Example of a research proposal structure
Proposals can be put together in many ways, but they generally contain several set components. Always ask your supervisor about precise requirements, such as how long the proposal should be and which elements are mandatory.
This should be similar to the title page that you will eventually prepare for your dissertation. Include the following items:
- The document’s title (and subtitle, if relevant);
- The name of your school;
- Contact information for your academic supervisor(s);
- Date and place;
- Your name (and the name of any co-authors, if relevant).
Table of contents
Use Microsoft Word’s table of content tools to generate this list so that it will be automatically updated whenever you amend your document.
After reading this introduction to your topic, people should understand why you will undertake your research and want to learn more. If the proposal itself is long, you can also use this section to briefly outline how the rest of the proposal is structured.
Chapter 1 Background and context
This chapter should more thoroughly explain the problem or question you will look at. It’s particularly important to demonstrate why your research is relevant, which you can do by outlining the context of your project. Briefly explain the history, describe the current situation and highlight important recent developments. You should also introduce the organization you are looking at, if relevant.
Chapter 2 Problem statement and analysis
Use this chapter to present a clear outline of the problem or issue that you will address, including:
- Who has responsibility for the problem?
- What has already been done to try to solve it?
- What will happen if the problem is not solved?
In this chapter it’s also important to clearly state what is and is not part of your research design, as being explicit will help to avoid later conflict. Be sure to identify which part of an organization will be involved in the research, if appropriate.
Chapter 3 Objective and final outcomes
This chapter should clearly identify what will come out of your research, which ensures that you and everyone involved in your thesis have the same expectations. It will also help to clarify what you are working towards. Include the following components:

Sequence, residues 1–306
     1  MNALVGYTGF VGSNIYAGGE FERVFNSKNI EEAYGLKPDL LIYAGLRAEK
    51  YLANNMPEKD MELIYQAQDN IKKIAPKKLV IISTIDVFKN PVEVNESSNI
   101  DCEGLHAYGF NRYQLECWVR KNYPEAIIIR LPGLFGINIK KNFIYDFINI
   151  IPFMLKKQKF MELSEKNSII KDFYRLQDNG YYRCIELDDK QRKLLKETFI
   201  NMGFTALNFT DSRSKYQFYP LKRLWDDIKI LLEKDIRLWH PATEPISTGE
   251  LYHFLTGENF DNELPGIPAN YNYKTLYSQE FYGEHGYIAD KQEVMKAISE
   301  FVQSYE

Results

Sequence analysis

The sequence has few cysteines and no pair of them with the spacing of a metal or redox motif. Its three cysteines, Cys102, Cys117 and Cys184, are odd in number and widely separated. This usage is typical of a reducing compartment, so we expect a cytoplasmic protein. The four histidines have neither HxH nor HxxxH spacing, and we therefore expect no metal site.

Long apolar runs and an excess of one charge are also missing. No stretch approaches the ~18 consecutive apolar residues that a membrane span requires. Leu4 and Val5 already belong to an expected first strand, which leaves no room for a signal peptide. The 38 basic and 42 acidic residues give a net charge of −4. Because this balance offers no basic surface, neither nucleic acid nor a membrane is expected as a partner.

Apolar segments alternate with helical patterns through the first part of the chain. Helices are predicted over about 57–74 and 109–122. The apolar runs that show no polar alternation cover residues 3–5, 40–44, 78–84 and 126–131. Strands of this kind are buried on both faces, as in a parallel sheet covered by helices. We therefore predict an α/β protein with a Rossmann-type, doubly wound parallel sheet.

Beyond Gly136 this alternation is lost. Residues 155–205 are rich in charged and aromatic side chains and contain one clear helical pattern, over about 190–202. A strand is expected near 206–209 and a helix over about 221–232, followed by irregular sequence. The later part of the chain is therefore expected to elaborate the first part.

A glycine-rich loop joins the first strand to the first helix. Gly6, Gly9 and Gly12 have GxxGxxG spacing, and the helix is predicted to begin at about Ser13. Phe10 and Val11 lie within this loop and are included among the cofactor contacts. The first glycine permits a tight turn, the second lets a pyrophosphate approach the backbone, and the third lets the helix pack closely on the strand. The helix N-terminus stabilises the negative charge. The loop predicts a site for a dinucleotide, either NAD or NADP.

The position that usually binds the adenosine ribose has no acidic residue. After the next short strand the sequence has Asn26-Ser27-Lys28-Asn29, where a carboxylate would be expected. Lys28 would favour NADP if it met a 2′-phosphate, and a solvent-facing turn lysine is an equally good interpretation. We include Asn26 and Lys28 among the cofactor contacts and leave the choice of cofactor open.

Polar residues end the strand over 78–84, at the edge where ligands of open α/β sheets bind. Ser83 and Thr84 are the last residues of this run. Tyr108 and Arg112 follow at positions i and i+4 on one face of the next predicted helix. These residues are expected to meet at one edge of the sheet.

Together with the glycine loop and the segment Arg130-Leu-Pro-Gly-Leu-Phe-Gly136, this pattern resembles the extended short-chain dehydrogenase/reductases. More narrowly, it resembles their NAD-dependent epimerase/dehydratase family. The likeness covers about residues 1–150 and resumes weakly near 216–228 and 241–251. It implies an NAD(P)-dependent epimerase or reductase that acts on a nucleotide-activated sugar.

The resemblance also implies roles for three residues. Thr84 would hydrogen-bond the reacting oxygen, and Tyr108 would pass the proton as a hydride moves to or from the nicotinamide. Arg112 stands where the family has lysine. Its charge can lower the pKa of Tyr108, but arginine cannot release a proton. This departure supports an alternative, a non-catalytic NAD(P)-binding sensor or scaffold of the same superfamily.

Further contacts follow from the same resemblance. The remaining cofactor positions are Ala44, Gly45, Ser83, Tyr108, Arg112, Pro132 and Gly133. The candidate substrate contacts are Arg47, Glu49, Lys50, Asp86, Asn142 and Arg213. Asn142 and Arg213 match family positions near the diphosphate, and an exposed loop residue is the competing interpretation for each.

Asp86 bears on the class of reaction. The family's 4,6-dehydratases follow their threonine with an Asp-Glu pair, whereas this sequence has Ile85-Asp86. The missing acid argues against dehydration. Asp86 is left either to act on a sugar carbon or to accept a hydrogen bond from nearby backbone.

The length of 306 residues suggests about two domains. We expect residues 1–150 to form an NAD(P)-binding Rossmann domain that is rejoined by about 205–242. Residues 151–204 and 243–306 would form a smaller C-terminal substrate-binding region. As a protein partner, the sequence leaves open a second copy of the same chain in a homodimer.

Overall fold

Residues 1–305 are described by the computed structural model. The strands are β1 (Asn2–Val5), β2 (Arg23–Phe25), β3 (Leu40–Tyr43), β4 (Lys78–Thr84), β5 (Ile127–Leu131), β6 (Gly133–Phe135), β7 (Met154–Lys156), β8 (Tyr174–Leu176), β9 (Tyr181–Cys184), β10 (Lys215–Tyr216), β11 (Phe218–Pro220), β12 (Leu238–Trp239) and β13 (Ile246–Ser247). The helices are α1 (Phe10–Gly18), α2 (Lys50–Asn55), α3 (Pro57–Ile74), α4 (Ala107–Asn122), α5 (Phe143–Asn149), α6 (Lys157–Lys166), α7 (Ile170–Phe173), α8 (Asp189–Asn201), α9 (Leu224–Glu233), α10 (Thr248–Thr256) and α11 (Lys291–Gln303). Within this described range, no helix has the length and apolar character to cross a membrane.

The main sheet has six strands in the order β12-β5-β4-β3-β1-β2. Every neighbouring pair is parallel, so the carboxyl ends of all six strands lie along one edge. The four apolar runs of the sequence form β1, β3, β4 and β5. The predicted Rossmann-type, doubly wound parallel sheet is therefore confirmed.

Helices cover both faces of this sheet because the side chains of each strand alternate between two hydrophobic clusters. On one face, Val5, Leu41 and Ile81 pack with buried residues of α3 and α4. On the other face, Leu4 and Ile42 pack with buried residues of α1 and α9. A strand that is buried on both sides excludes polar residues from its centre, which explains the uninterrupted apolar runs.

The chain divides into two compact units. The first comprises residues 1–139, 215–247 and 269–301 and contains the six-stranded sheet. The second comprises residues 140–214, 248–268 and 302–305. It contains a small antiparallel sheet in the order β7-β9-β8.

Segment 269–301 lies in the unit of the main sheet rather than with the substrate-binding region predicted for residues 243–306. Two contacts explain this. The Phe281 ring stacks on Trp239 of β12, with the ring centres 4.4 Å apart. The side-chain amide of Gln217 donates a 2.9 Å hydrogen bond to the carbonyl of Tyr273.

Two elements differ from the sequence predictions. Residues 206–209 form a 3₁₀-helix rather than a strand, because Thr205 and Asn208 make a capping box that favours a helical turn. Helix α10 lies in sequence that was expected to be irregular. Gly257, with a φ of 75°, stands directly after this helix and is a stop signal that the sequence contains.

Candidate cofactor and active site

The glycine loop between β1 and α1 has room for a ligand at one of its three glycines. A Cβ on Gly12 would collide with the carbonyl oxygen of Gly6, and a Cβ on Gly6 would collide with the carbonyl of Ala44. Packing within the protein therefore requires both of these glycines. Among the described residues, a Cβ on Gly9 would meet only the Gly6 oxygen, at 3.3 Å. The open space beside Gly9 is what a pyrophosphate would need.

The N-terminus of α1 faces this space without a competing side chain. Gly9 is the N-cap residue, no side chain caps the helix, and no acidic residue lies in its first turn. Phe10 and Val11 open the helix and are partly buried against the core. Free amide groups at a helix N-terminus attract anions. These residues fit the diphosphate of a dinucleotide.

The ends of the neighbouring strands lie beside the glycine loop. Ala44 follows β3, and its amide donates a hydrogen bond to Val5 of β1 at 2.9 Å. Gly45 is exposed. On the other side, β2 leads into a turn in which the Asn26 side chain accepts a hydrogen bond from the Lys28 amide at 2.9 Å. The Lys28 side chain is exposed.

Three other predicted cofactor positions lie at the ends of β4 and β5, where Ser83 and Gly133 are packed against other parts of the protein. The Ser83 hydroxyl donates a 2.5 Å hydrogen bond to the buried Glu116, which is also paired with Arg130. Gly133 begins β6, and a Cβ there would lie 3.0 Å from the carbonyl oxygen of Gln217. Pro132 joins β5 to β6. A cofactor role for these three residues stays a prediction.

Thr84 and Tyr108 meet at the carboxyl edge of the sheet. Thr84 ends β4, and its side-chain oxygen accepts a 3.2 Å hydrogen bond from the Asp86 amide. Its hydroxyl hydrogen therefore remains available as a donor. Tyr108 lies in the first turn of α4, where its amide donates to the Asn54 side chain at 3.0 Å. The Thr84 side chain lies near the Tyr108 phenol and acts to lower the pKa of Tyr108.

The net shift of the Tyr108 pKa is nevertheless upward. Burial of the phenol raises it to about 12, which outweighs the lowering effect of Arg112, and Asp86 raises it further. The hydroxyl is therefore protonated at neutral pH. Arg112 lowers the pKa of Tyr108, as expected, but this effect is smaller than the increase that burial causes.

- Objective: Note any targets you aim to achieve through your research.
- Final outcomes Describe any specific end products that you will create on the basis of your findings (e.g., for the organization you are studying). Examples include a website, model or strategy.
Chapter 4 Conditions and risk analysis
Use this chapter to discuss any constraints that may be associated with your project.
Describe what you will need in order to undertake the project. For instance:
- Money: How much money do you need to conduct the research?
- Location: Are there any requirements related to where you will conduct your research (for example, a workstation)?
- Materials: What materials do you need for the research?
- Expertise: What experts do you need access to?
- Time: How much time do you need for your research?
- Expert and participant availability: Will individuals be accessible and free when you need them (e.g., to be interviewed or complete a survey)?
Identify any possible risks that may be associated with the project and the measures you will take to avoid them.
Chapter 5 Approach
This chapter should outline the steps you will take to achieve your desired objectives and outcomes. You should also include your general planning calendar, to clarify what you will do when.
|Step/Phase||Results||Deadline||Number of hours|
|1||Orientation||Structure action plan|
|2||Research design, Research concept||Methods, tools, techniques|
Be sure to identify the sources of any information you use in your plan. Most colleges require students to follow the APA style for this. Taking advantage of the free Scribbr APA Generator will ensure that your citations and reference list are formatted correctly.
A research proposal generally doesn’t have too many appendices, but you can use them if you have important items that are too long to include in the document’s main body. Examples include a market share table that helps to justify the study’s relevance and a more detailed planning calendar.